An increase in smartphone and e-reader use among older Americans has propelled the launch of a new health literacy initiative
NATIONAL REPORTS-Research showing an increase in smartphone and e-reader use among older Americans has propelled the launch of a new health literacy initiative focusing on Web and mobile application development.
Utilizing data from the Pew Research Center, UnitedHealthcare has teamed up with Northwestern University and AARP Services to develop a plain-language health literacy program, including the development of Web and mobile applications to help patients manage their daily medication regimens.
"People need to be able to take their medications as directed so that they can have increased quality of life and have appropriate access to care," says Steven Rush, director of the program for UnitedHealthcare. "If people take their medications as directed, they would be hospitalized less and wouldn't stay in the hospital as long."
There is a demonstrated need for using technological tools. According to recent data collected by the Pew Research Center, people ages 55 to 64 are using smartphones more to help manage their healthcare. About 17% of older Americans use or own an e-reader or tablet.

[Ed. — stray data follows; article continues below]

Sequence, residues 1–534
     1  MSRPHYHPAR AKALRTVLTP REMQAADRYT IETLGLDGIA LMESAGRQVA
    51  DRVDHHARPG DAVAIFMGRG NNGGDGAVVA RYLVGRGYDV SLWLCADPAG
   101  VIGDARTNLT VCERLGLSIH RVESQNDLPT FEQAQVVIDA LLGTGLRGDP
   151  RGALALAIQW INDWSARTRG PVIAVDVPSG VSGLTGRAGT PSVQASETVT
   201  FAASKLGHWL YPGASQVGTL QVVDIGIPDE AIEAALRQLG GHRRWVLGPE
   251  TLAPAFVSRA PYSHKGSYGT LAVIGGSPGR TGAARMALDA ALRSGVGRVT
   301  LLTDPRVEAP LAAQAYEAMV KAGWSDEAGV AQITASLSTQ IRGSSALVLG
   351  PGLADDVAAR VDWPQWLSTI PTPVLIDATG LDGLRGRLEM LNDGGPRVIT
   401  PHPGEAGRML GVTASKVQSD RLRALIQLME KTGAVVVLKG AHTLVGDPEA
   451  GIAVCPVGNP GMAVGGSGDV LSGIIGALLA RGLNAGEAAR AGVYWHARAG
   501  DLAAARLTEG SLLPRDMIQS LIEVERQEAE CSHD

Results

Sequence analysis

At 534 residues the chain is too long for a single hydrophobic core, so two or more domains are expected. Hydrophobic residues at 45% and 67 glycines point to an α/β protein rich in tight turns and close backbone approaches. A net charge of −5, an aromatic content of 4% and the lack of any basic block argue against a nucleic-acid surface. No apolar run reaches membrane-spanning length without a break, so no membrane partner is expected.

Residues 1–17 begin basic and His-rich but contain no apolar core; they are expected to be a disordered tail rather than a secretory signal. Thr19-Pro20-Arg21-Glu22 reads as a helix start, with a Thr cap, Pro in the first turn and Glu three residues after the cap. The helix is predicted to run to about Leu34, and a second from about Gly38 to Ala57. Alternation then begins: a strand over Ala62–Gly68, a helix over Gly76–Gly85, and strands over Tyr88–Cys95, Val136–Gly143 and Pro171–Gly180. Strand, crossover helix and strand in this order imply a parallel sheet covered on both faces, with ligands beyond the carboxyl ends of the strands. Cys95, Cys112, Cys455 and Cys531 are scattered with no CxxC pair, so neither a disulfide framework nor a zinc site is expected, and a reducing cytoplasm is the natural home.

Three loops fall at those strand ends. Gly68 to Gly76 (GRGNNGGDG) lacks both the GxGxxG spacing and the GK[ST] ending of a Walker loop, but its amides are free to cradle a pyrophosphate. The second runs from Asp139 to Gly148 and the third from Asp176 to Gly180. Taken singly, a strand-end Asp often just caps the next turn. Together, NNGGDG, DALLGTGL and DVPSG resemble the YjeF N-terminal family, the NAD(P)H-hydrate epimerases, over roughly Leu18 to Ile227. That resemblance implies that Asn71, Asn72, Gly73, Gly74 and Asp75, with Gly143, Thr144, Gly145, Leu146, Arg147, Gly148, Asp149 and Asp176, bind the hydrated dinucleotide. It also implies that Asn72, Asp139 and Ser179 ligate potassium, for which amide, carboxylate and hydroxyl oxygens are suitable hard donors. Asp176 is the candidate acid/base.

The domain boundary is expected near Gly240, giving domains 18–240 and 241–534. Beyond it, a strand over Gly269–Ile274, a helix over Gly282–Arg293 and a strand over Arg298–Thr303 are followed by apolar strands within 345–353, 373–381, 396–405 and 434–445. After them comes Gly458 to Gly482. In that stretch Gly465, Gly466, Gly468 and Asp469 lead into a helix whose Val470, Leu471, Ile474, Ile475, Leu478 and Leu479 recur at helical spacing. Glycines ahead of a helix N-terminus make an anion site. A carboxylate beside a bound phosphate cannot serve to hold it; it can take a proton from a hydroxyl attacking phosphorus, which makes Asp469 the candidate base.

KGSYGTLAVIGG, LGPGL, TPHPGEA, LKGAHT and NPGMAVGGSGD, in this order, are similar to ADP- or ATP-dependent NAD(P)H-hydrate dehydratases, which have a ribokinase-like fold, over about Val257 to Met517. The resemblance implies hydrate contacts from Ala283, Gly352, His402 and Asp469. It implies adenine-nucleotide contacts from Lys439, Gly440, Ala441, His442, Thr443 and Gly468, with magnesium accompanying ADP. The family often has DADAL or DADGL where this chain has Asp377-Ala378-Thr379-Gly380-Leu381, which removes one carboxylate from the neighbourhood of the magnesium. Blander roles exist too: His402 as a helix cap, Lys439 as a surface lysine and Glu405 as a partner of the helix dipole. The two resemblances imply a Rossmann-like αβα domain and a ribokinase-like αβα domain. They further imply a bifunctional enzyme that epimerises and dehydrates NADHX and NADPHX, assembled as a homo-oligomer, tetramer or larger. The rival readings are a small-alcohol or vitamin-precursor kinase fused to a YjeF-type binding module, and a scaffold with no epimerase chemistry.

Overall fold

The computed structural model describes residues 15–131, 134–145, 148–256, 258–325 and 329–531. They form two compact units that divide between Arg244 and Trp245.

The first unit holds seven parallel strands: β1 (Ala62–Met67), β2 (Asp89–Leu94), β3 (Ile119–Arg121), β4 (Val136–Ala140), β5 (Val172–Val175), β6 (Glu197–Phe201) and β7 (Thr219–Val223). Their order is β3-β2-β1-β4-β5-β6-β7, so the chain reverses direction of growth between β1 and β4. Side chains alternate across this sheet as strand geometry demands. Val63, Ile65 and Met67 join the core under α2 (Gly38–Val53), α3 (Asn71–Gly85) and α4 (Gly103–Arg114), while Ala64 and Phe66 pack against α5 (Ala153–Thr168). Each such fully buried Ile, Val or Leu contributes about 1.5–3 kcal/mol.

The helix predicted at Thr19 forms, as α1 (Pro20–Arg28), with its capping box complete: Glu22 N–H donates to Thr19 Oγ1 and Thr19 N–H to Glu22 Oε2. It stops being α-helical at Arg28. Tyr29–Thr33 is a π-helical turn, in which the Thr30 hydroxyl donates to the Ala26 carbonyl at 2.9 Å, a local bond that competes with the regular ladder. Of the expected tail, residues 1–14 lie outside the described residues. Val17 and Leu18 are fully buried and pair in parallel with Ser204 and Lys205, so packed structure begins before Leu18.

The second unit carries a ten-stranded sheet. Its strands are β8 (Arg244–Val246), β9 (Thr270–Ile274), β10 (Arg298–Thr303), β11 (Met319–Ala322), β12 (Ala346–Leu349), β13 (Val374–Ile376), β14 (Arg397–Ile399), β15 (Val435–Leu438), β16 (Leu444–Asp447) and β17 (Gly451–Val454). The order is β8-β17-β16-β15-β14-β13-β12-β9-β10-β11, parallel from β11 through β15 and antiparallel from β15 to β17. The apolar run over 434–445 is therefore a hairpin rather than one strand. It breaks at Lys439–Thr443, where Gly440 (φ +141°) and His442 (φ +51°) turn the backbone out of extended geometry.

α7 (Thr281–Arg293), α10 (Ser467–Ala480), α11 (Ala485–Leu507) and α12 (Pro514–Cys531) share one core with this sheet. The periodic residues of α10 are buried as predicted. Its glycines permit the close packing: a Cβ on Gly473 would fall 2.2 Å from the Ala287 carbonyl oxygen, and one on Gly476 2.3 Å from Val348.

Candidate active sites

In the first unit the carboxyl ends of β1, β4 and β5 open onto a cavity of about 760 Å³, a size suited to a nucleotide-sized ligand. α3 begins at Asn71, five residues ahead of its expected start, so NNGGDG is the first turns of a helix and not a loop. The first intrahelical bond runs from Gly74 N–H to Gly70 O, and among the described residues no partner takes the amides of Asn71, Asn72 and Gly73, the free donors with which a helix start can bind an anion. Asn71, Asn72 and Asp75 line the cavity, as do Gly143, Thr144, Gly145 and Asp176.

According to Rush, the Web and mobile applications are being designed to help people manage the often-difficult task of taking medications as prescribed. Because these applications are detailed, the Feinberg School of Medicine assists participants in using the tools.
Overall, Rush says, the team is trying to create a strategy for conveying the importance of medication compliance, which could then be communicated on the Web, smartphones and through mail delivery. One goal of the initiative is getting people to know about and use the MTM services available to them.
According to the U.S. Department of Health & Human Services (HHS), more than 77 million U.S. adults have only basic or below-basic health literacy skills.